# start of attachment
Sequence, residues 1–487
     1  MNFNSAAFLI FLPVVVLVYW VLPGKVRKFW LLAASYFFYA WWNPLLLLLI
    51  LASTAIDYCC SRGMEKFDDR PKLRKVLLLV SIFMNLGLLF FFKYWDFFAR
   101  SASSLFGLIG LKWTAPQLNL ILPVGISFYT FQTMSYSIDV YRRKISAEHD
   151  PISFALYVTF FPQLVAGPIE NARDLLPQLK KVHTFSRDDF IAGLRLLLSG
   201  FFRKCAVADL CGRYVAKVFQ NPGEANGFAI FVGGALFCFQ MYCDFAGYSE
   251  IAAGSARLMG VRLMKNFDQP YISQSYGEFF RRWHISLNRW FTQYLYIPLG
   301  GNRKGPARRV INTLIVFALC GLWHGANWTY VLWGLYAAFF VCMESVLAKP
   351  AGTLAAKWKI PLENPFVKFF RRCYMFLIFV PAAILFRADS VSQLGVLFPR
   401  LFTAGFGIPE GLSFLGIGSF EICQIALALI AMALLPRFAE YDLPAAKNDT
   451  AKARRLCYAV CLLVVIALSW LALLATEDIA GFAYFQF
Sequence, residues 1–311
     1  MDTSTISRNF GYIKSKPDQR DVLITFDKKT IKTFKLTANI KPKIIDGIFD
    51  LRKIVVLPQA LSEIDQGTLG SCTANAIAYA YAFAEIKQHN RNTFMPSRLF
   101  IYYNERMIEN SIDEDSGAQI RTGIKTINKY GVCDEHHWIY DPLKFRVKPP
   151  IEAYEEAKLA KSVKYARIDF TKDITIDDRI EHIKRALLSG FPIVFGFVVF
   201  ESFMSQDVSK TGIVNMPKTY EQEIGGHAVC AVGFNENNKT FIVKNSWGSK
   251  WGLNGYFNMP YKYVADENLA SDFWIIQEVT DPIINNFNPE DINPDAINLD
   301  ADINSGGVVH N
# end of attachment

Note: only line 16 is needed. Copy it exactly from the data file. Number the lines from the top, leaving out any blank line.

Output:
   151  IEAYEEAKLA KSVKYARIDF TKDITIDDRI EHIKRALLSG FPIVFGFVVF